The Center of Civil Law Studies of the LSU Law Center presents the
42nd John H. Tucker, jr. Lecture in Civil Law
The European Court of Justice at Work:
Comparative Law on Stage and Behind the Scenes
Professor Michele Graziadei
University of Turin — Italy
Thursday, September 5, 2019 at 12:40 p.m.
Louisiana State University, Law Center
Robinson Courtroom, 201
Reception to follow in the Student Lounge
Michele Graziadei is a full professor in the Department of Law at the Università di Torino, where he has been teaching comparative law since 2008.
Professor Graziadei graduated with a law degree (cum laude) from the Università di Torino in 1984. He began his career at the Università di Trento and taught civil and comparative law at the Università dell’Insubria (Como), and at the Università del Piemonte Orientale, where he was the head of the law department. He has been a Visiting Professor at Cornell Law School, Université Paris 2 Panthéon Assas, Université Jean Moulin Lyon 3, Université du Luxembourg. He is a Past President of the European Association of Law Schools (ELFA), a Titular Member of the International Academy of Comparative law, and the President of the Società italiana per la ricerca nel diritto comparato. He has participated in several international and European research programs and is the author of over a hundred publications. His recent publications include: Comparative Property Law: Global Perspectives (M. Graziadei & L. Smith eds., 2018); Personal Autonomy in Plural Societies: A Principle and its Paradoxes (M-C. Foblets, M. Graziadei & A.D. Renteln eds., 2018).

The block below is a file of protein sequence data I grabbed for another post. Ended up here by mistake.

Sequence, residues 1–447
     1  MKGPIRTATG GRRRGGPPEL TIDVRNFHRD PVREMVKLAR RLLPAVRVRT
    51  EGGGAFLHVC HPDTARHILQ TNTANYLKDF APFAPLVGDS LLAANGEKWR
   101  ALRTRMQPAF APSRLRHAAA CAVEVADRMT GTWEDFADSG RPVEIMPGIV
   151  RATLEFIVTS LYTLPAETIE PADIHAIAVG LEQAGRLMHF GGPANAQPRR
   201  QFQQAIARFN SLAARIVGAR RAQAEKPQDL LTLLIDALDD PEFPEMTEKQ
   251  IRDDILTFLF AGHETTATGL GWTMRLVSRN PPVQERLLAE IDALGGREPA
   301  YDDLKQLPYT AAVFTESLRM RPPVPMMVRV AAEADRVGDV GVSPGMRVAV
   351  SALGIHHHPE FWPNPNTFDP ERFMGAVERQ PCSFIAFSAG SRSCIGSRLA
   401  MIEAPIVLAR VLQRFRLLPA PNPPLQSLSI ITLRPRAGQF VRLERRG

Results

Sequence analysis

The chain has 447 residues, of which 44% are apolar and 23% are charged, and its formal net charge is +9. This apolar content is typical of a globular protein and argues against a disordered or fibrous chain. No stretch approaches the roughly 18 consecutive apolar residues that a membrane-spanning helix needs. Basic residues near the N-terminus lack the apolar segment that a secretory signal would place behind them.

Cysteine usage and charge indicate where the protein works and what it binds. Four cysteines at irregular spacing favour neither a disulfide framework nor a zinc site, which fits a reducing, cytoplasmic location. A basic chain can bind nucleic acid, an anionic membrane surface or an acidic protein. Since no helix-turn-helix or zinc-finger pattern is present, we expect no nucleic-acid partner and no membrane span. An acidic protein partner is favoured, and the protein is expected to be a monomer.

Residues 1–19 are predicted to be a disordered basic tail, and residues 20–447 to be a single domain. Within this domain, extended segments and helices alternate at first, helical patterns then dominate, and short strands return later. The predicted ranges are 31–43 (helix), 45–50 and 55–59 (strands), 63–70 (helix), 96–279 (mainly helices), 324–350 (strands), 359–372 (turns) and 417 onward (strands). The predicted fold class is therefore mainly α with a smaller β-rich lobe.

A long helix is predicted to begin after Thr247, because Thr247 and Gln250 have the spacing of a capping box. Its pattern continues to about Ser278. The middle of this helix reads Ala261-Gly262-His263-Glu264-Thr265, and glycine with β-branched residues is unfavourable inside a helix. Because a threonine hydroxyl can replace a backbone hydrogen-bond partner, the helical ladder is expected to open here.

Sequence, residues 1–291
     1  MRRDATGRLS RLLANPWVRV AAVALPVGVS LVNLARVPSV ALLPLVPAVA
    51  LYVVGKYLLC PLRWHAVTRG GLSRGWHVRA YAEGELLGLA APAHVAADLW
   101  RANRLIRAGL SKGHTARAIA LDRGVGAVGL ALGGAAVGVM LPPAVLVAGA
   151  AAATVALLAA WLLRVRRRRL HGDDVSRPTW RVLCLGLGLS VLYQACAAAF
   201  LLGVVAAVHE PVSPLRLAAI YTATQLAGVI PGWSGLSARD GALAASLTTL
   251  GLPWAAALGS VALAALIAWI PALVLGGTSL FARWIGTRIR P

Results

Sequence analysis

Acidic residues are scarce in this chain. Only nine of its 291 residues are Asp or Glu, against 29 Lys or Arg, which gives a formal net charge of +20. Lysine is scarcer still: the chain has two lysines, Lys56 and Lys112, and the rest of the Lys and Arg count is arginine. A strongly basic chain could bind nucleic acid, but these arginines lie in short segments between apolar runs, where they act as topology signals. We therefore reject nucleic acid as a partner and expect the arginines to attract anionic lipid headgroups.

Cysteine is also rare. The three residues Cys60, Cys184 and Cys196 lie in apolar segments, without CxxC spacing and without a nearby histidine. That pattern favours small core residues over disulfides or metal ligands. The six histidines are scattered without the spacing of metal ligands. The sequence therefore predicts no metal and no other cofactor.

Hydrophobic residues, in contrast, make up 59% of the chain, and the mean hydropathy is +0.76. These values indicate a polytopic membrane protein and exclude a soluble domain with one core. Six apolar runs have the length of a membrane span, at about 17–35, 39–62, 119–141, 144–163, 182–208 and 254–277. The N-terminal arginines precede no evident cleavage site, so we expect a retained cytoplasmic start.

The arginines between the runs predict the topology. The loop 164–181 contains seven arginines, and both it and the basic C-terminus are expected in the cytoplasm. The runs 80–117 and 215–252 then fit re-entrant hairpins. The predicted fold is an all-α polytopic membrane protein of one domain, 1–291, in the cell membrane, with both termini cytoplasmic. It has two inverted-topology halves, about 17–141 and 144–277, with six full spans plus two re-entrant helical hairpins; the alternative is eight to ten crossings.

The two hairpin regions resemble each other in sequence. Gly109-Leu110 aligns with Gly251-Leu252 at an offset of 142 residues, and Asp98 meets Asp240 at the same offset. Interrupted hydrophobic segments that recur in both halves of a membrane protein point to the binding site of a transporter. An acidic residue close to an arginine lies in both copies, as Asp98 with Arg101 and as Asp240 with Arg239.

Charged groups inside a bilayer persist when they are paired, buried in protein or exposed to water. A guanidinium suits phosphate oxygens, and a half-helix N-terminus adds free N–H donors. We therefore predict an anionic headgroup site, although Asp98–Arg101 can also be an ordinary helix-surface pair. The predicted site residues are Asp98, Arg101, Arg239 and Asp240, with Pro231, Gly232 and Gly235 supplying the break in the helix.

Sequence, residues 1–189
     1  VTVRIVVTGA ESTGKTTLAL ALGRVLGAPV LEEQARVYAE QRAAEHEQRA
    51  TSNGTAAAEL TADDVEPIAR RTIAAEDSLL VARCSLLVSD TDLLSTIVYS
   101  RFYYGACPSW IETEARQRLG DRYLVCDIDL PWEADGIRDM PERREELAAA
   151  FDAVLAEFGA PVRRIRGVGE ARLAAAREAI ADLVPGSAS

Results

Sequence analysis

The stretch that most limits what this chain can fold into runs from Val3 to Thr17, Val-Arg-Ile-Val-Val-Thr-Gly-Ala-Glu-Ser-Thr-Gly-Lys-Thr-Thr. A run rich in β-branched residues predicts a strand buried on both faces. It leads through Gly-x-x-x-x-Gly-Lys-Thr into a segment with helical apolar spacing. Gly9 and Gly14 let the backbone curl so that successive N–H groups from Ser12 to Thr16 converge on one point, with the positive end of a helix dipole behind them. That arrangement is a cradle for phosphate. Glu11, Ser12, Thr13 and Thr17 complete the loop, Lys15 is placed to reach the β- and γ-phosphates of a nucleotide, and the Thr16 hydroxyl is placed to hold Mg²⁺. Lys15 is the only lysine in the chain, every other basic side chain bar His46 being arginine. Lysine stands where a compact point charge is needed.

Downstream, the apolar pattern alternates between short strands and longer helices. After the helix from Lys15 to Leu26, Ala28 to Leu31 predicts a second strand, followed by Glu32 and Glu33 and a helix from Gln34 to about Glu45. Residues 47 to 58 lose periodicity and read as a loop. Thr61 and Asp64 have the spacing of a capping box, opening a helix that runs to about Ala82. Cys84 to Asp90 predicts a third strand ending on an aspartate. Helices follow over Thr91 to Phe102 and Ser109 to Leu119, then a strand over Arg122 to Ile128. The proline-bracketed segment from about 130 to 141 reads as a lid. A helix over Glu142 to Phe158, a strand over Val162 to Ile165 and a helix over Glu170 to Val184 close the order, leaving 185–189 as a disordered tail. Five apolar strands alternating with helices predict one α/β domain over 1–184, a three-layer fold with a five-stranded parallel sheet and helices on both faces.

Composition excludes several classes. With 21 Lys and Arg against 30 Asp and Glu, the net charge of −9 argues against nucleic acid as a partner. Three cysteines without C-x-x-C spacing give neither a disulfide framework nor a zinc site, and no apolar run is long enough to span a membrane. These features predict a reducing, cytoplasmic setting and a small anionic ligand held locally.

The European Court of Justice (ECJ) has often been hailed as an engine of European integration. Entrusted with the task of securing the uniform interpretation of the law of the European union—among other functions—the ECJ makes use of comparative law for a variety of purposes. The very composition of the Court and its peculiar linguistic regime make the Court a major comparative law laboratory. Under the Treaties, the Court is explicitly authorised to resort to comparative law as a method of judicial interpretation with regard to certain aspects of European law. But comparative law is an essential tool for the Court in several other contexts as well. This lecture will be the occasion to take a closer look at the role that comparative law plays in the development of the jurisprudence of the Court, and to showcase some salient applications of it. Quite often, the Court limits references to comparative law arguments to a few lines in its judgements. Nonetheless, comparisons that go far beyond the merely technical aspects of the law are part and parcel of the everyday business of the Court. Even when the language of comparative law is not overtly spoken, those comparisons define the ethos of the European union, and show how the Union sets out to challenge, and change, the laws of the member states.